Youth of Color and the Juvenile Justice System

Minority youth are overrepresented at nearly every level of the juvenile justice system. Officials across the United States struggle to reduce what is often referred to as disproportionate minority contact, or DMC. Read all of the Juvenile Justice Information Exchange’s ongoing, in-depth coverage of DMC here, including the stories of the youth affected by it.

Recent posts

OP-ED: Cops and Community, How to Repair a Broken Relationship

Alton Pitre

It is difficult to repair a broken relationship, one built on years of distrust. It is especially tough if you are the parent of a child forever getting caught up in the juvenile justice system, knowing their kid can be harassed and possibly injured or arrested for simply walking down the street. Continue Reading →

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Analysis: Coming Soon… A Watershed Moment on DMC

Youth of Color and the Juvenile Justice System — Racial-Ethnic Fairness

Reading through JJIE’s extensive coverage regarding racial and ethnic disparities in juvenile justice over the past month, reviewing its excellent new DMC resource hub, and scanning the available literature, it is impossible to avoid a couple of painful conclusions. Continue Reading →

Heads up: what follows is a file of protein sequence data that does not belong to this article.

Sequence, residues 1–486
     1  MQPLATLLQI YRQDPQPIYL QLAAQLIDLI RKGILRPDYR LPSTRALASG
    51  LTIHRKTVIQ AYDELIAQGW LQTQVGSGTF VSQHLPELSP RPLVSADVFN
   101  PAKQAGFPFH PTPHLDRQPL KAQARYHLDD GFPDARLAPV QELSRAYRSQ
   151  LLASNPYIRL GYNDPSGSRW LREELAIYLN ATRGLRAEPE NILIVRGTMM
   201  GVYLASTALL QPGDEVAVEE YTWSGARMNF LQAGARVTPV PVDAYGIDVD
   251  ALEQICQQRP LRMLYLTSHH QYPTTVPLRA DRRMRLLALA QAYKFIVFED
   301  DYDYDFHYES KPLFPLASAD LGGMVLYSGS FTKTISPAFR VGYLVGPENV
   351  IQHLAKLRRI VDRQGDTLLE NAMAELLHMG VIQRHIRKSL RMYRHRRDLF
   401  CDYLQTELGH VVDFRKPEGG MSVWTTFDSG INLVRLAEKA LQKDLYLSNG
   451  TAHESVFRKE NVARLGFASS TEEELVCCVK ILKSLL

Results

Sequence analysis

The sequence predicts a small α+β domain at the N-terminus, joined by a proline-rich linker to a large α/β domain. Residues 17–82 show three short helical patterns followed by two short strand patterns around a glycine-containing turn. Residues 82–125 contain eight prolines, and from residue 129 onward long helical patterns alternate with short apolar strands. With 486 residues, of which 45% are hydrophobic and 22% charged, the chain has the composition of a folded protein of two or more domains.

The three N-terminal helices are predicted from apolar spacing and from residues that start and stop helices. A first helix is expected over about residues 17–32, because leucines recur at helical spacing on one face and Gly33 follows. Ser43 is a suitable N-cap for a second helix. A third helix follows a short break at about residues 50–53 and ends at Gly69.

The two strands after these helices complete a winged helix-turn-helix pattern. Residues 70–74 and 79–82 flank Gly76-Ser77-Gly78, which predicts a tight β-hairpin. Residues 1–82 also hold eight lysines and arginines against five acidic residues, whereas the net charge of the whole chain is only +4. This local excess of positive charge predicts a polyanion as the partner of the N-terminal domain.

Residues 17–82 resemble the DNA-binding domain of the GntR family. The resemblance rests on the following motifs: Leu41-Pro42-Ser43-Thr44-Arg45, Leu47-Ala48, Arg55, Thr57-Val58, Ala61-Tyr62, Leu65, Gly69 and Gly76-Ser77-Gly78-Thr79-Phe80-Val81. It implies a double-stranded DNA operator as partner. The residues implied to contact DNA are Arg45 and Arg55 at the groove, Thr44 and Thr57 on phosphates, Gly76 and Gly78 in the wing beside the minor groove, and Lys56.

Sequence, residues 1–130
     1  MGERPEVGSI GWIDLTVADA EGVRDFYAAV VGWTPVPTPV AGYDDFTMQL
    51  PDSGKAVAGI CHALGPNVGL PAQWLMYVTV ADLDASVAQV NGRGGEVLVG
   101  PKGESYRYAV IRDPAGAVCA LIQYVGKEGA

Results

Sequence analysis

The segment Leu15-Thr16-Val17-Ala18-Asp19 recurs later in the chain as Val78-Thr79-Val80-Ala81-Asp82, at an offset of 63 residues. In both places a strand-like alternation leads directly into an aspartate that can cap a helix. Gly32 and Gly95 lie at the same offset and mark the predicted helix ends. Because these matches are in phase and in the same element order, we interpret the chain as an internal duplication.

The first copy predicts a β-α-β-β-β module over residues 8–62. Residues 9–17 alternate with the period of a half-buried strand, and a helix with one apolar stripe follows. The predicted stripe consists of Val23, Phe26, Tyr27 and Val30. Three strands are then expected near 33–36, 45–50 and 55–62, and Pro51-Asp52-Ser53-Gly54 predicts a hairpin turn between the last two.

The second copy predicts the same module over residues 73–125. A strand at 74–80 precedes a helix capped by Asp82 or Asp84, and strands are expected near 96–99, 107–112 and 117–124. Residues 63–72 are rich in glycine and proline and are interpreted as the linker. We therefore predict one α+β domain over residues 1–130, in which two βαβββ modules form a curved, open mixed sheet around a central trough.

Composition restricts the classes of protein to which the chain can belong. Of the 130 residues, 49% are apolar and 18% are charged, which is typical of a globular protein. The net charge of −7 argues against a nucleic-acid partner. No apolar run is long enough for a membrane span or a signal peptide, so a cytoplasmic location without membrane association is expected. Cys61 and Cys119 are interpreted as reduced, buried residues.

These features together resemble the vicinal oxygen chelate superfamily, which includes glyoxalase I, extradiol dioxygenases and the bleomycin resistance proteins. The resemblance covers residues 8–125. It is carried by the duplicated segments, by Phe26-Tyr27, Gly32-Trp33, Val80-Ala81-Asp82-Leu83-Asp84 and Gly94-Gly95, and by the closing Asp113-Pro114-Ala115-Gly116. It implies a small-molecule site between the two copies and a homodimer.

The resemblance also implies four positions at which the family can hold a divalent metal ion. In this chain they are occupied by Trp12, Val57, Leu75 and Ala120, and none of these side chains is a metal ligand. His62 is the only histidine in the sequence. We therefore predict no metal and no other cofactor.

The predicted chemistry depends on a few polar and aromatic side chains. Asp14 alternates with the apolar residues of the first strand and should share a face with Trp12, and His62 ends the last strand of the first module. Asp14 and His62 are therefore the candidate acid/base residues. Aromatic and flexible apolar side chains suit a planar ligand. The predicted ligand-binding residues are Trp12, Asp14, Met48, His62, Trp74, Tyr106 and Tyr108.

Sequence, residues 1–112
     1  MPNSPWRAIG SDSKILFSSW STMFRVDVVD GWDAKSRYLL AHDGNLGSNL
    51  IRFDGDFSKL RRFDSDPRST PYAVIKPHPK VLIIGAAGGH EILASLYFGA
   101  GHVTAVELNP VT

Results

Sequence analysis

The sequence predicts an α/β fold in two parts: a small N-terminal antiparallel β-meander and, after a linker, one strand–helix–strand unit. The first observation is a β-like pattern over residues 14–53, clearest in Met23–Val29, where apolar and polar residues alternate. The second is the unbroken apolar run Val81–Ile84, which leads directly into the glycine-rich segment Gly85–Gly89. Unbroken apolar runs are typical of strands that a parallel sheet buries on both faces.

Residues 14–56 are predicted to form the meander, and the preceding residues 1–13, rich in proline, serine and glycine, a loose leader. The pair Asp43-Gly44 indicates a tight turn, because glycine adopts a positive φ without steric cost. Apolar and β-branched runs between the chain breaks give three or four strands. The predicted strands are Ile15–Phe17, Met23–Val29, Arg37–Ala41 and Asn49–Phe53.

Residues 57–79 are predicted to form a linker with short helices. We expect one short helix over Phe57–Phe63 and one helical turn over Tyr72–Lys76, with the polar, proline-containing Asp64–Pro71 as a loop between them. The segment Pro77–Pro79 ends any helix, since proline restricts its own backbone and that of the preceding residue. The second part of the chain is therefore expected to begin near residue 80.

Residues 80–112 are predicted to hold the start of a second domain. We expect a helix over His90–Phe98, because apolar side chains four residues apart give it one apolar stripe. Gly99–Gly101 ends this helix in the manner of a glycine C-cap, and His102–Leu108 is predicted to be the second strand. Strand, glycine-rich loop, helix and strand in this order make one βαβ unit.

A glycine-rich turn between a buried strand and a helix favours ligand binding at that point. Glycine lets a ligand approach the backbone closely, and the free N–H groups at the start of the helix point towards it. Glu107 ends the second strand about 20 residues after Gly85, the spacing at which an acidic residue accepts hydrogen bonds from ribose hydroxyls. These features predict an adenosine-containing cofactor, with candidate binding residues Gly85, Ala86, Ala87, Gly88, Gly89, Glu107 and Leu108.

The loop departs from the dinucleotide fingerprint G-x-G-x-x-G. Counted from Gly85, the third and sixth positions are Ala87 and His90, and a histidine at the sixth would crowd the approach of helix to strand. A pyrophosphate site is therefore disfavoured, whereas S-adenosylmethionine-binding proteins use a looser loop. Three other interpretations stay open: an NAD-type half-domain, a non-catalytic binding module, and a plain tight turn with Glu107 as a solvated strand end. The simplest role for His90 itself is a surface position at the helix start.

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A Modern Understanding of a Long Ago Confession and a Boy’s Execution

George Frierson, a local historian and community activist in Alcolu, S.C. A few years ago, Frierson began to examine the case of George Stinney Jr., who was executed in 1944 at age 14 for the murder of two white girls. What he found pushed him into activism for the exoneration of Stinney.

A few miles off I-95, past acres of brown-and-white fields where blackbirds circle overhead, this small town in the heart of Deep South cotton country isn't known for much. It has a post office and a few churches, some abandoned houses and some nicer ones, ramshackle trailers and cotton fields. After church on a recent Sunday there, George Frierson was scuffing a shiny black dress shoe across some gravel at a railroad crossing. Back when he was a kid the rail line split this tiny, rural town along racial lines. But for blacks like him growing up in Alcolu, the train tracks signified something even more sinister than segregation. Continue Reading →

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